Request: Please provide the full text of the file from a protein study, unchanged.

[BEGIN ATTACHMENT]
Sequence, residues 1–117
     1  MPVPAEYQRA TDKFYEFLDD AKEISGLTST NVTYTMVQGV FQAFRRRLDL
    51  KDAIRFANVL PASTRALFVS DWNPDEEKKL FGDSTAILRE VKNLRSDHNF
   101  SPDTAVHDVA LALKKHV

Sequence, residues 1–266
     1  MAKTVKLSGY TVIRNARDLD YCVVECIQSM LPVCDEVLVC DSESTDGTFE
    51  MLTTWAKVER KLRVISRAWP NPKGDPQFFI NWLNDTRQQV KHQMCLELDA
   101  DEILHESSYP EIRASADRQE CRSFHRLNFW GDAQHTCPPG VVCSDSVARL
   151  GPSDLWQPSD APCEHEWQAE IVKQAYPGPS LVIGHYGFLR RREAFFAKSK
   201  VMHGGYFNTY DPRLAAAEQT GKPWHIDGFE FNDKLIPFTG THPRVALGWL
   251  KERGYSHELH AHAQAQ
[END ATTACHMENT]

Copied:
Sequence, residues 1–117
     1  MPVPAEYQRA TDKFYEFLDD AKEISGLTST NVTYTMVQGV FQAFRRRLDL
    51  KDAIRFANVL PASTRALFVS DWNPDEEKKL FGDSTAILRE VKNLRSDHNF
   101  SPDTAVHDVA LALKKHV

Sequence, residues 1–266
     1  MAKTVKLSGY TVIRNARDLD YCVVECIQSM LPVCDEVLVC DSESTDGTFE
    51  MLTTWAKVER KLRVISRAWP NPKGDPQFFI NWLNDTRQQV KHQMCLELDA
   101  DEILHESSYP EIRASADRQE CRSFHRLNFW GDAQHTCPPG VVCSDSVARL
   151  GPSDLWQPSD APCEHEWQAE IVKQAYPGPS LVIGHYGFLR RREAFFAKSK
   201  VMHGGYFNTY DPRLAAAEQT GKPWHIDGFE FNDKLIPFTG THPRVALGWL
   251  KERGYSHELH AHAQAQ